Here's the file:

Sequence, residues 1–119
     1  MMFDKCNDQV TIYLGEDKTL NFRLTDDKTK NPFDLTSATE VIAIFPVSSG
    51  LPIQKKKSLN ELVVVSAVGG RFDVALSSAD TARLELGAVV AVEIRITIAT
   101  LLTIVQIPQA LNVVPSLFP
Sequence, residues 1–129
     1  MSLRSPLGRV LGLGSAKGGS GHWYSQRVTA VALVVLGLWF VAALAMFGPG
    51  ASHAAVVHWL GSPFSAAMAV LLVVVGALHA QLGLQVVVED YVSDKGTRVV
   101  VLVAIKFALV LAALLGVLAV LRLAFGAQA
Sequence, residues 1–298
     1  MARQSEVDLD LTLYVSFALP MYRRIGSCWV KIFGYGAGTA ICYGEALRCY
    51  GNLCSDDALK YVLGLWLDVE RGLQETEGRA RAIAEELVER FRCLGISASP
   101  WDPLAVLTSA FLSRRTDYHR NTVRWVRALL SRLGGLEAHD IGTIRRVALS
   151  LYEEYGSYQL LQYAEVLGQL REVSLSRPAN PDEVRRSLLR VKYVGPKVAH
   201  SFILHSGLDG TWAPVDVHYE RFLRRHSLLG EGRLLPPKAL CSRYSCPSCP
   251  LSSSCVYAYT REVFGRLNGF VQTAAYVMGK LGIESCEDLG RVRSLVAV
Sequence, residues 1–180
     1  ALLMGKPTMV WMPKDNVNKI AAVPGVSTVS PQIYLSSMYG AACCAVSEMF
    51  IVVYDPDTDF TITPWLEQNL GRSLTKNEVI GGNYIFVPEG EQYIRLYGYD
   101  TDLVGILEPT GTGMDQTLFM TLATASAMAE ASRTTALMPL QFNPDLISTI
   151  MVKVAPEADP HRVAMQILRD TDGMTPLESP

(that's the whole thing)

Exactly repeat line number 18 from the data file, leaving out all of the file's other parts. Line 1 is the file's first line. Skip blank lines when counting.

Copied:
    51  IVVYDPDTDF TITPWLEQNL GRSLTKNEVI GGNYIFVPEG EQYIRLYGYD